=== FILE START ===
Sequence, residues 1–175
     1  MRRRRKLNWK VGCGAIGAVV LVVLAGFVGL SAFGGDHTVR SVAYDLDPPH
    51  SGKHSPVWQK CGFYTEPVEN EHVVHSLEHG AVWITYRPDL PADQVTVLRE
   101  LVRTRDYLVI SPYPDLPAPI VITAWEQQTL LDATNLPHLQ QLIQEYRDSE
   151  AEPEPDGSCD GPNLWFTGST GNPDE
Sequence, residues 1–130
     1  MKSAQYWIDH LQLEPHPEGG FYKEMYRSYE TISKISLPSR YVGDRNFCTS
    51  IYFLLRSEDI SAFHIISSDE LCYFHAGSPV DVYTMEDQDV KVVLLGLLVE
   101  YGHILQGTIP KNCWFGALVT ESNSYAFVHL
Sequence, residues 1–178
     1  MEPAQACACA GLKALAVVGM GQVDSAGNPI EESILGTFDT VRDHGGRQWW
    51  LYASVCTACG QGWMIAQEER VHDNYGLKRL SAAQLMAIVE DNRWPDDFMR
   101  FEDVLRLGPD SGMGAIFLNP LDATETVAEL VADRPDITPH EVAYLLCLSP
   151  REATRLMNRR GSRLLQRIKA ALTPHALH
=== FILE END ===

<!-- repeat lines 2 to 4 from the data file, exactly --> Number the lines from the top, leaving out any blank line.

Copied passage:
     1  MRRRRKLNWK VGCGAIGAVV LVVLAGFVGL SAFGGDHTVR SVAYDLDPPH
    51  SGKHSPVWQK CGFYTEPVEN EHVVHSLEHG AVWITYRPDL PADQVTVLRE
   101  LVRTRDYLVI SPYPDLPAPI VITAWEQQTL LDATNLPHLQ QLIQEYRDSE